During the 1970s, the Oakland Raiders were one of the most physical teams in the league. When opponents played the Raiders, they knew they were in for a physical battle. Jack Tatum played for the Raiders from 1970 to 1979, and he was one of the top players on the Raiders’ defense.
During his time with the Raiders, he developed a reputation for being one of the league’s hardest-hitting players. In 2010, the Raiders lost an all-time great when Tatum passed away.
Jack Tatum starred in college at Ohio State
Tatum was a late bloomer in football. He did not begin playing until his sophomore year of high school. Tatum attended Passaic High School in New Jersey, where he became a high school All-American his senior year. After his high school career, he decided to attend Ohio State University. Tatum was recruited as a running back but switched to defensive back when he got to Ohio State.
He had an impressive college career at Ohio State. As a freshman, he was a first-team All-Big Ten selection and was a part of the Ohio State team that won the national championship. Tatum played a prominent role in the Ohio State’s defense while he was there. During his final two seasons at Ohio State, he was a unanimous All-American selection.
He finished his college career winning two national championships, and in 1981, he was inducted into the Ohio State Varsity O Hall of Fame. Tatum was also inducted into the College Football Hall of Fame in 2004.
Jack Tatum became a standout player in the NFL
The Raiders drafted Tatum with the 19th overall pick in the 1971 NFL draft. During his rookie year, he became the starting free safety and immediately made his presence known on the field. In his first game against the Baltimore Colts, he had two hard-hitting tackles and knocked out Colts tight ends John Mackey and Tom Mitchell. He was known throughout the league as a hard-hitting safety.
In 1974, he was a part of the Raiders team that won the Super Bowl as they defeated the Minnesota Vikings 32-14. Tatum had six interceptions during the game and tackled Vikings wide receiver Sammy White where he knocked his helmet off. There was an incident during Tatum’s career that would follow him for the rest of his life.
During an exhibition game against the New England Patriots, there was a collision between Patriots wide receiver Darryl Stingley and Tatum. While Stingley was trying to catch a pass, he lowered his helmet to protect himself and ended up hitting Tatum’s shoulder pad. The incident left Stingley with incomplete quadriplegia for the rest of his life. There were a lot of conversations about the incident. The New York Times described the incident as “an intentionally violent hit.” Tatum was not penalized on the play, and he never apologized after the hit. The two were supposed to meet during a television interview, but that never happened, and they never spoke to each other after that.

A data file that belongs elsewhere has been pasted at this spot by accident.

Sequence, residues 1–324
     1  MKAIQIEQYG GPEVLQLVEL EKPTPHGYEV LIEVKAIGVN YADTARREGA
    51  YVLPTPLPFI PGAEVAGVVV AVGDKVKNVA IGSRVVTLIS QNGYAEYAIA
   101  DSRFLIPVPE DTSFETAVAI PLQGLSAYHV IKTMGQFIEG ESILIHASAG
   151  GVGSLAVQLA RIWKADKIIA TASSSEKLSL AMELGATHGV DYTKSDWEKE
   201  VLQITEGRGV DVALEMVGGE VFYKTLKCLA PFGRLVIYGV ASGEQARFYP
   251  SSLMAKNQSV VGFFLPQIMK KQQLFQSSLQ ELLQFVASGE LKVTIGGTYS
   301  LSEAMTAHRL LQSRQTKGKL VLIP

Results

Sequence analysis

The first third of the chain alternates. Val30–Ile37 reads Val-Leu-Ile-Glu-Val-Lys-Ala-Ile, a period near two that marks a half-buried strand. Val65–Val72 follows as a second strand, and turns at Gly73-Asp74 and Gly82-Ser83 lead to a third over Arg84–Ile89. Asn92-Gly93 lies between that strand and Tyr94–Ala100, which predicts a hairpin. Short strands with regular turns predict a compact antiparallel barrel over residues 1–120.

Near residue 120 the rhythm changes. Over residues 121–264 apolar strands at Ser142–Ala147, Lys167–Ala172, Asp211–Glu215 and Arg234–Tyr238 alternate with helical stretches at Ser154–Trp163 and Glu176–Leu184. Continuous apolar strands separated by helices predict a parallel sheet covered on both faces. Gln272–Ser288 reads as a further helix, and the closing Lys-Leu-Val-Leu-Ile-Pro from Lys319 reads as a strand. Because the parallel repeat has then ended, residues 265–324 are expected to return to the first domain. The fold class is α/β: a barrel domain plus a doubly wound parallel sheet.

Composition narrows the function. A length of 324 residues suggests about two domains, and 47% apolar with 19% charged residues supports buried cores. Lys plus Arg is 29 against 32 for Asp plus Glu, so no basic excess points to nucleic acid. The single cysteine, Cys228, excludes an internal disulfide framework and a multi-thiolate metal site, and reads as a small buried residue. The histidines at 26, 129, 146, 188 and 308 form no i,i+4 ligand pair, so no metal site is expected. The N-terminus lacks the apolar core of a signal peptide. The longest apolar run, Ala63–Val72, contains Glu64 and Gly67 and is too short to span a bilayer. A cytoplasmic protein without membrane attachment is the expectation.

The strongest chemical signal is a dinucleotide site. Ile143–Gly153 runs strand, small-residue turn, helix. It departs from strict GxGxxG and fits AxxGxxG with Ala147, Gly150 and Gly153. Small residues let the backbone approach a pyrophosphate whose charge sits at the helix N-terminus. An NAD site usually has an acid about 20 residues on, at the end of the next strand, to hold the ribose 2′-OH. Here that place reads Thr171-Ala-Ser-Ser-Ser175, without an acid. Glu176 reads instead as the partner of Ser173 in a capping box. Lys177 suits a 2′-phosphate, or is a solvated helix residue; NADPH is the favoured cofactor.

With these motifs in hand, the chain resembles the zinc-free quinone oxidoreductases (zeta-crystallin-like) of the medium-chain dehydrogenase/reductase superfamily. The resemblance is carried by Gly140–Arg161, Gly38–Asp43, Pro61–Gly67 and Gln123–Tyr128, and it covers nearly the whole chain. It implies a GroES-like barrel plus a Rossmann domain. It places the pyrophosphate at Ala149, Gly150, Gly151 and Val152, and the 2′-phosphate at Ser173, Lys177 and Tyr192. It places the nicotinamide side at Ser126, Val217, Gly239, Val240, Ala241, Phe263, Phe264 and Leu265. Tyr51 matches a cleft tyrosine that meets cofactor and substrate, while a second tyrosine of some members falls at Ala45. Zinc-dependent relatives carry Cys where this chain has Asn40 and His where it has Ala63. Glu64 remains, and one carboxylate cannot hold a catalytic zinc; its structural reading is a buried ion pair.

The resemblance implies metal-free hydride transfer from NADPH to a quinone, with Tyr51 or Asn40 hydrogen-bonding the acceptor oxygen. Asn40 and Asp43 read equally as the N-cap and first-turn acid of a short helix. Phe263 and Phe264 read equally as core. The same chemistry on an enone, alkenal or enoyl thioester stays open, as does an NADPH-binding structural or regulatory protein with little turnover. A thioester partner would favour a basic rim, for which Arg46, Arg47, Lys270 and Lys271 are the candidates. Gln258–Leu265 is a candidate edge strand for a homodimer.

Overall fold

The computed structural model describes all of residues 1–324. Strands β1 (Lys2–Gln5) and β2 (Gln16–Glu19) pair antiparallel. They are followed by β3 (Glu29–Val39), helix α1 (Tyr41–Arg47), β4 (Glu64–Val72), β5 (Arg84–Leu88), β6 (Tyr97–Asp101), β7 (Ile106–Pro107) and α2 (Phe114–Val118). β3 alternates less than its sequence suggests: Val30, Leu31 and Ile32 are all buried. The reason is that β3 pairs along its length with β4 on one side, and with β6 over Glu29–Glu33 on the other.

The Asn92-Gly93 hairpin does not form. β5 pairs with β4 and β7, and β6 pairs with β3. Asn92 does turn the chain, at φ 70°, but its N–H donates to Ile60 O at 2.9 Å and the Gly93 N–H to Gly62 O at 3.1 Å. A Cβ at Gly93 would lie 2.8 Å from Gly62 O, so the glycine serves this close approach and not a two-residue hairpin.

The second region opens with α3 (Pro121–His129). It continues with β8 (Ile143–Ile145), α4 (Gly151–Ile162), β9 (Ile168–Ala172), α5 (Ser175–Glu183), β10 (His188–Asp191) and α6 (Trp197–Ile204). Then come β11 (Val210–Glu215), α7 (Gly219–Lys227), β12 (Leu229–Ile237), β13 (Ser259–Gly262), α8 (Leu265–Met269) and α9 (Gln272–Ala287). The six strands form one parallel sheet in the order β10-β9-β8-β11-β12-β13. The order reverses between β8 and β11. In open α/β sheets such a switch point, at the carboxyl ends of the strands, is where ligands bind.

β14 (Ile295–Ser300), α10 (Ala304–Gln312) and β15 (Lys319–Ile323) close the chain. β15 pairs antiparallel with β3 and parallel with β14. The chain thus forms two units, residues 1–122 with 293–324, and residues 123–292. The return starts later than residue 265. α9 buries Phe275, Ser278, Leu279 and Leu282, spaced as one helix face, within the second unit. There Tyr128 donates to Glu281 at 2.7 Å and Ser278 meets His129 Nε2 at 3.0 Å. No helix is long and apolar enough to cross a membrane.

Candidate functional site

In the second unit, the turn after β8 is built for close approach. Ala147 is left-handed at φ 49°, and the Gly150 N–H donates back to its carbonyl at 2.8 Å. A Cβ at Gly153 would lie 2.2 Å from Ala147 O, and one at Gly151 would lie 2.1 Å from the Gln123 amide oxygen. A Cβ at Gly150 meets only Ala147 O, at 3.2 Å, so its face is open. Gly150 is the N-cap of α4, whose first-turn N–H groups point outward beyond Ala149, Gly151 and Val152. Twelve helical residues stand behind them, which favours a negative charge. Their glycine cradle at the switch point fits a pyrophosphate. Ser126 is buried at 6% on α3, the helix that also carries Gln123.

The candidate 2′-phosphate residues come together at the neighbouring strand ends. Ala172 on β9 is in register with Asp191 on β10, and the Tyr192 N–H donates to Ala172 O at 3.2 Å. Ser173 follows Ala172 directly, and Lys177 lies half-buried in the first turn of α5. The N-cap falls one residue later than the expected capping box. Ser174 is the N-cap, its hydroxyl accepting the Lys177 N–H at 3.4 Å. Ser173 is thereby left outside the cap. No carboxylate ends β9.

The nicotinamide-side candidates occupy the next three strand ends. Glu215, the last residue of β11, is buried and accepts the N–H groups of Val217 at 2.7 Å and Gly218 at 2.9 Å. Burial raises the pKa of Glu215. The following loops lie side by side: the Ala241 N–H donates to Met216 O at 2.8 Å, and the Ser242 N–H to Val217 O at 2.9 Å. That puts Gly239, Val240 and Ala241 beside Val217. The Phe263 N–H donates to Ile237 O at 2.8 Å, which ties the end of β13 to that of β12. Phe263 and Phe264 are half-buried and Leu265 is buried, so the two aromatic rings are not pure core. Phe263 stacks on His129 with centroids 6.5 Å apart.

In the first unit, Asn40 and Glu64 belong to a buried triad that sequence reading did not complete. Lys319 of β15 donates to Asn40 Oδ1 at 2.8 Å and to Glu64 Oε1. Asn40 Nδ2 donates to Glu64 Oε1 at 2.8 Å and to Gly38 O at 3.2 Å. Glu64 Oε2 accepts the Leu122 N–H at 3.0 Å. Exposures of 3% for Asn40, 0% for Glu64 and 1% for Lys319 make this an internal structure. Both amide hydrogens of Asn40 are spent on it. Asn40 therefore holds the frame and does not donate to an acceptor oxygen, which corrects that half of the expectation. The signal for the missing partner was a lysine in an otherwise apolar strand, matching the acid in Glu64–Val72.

Many thought that Tatum was too violent on the field, but he had a lot of success during his career. He spent the majority of his career with the Raiders and played his final NFL season with the Houston Oilers.
Jack Tatum’s tragic death
Tatum finished his career with 37 interceptions, and he was a three-time Pro Bowl selection and a two-time second-team All-Pro selection. After he retired from the NFL, he worked in the Raiders organization and after that worked in the real estate business. He also wrote three best-selling books: They Call Me Assassin (1980); They Still Call Me Assassin (1989); and Final Confessions of NFL Assassin Jack Tatum (1996).
Tatum faced health challenges as he got older. In 2003, all five toes on his left foot were amputated due to a staph infection caused by diabetes. The illness would later cause him to lose the entire leg below his knee. In 2010, Tatum died after suffering a heart attack. He was 61. When he passed away, the Raiders released a statement saying, “Jack was the standard bearer and an inspiration for the position of safety throughout college and professional football.” Tatum left his impact in the NFL after he played, and he is considered one of the greatest players to play for the Raiders.